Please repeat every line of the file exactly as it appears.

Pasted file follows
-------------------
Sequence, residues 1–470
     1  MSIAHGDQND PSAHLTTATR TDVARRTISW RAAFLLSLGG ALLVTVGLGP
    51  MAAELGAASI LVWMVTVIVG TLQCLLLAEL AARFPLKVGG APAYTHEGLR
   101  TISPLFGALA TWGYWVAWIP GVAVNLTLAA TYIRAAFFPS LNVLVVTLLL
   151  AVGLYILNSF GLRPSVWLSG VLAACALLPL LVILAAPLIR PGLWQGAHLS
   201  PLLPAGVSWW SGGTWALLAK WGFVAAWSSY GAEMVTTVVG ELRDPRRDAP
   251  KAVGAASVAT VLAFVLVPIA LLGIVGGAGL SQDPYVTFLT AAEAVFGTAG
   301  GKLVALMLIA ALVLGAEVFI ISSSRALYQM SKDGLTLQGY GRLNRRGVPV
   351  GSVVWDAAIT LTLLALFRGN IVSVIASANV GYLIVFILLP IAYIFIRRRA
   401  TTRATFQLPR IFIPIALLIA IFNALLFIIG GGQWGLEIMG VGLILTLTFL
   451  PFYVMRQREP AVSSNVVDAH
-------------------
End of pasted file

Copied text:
Sequence, residues 1–470
     1  MSIAHGDQND PSAHLTTATR TDVARRTISW RAAFLLSLGG ALLVTVGLGP
    51  MAAELGAASI LVWMVTVIVG TLQCLLLAEL AARFPLKVGG APAYTHEGLR
   101  TISPLFGALA TWGYWVAWIP GVAVNLTLAA TYIRAAFFPS LNVLVVTLLL
   151  AVGLYILNSF GLRPSVWLSG VLAACALLPL LVILAAPLIR PGLWQGAHLS
   201  PLLPAGVSWW SGGTWALLAK WGFVAAWSSY GAEMVTTVVG ELRDPRRDAP
   251  KAVGAASVAT VLAFVLVPIA LLGIVGGAGL SQDPYVTFLT AAEAVFGTAG
   301  GKLVALMLIA ALVLGAEVFI ISSSRALYQM SKDGLTLQGY GRLNRRGVPV
   351  GSVVWDAAIT LTLLALFRGN IVSVIASANV GYLIVFILLP IAYIFIRRRA
   401  TTRATFQLPR IFIPIALLIA IFNALLFIIG GGQWGLEIMG VGLILTLTFL
   451  PFYVMRQREP AVSSNVVDAH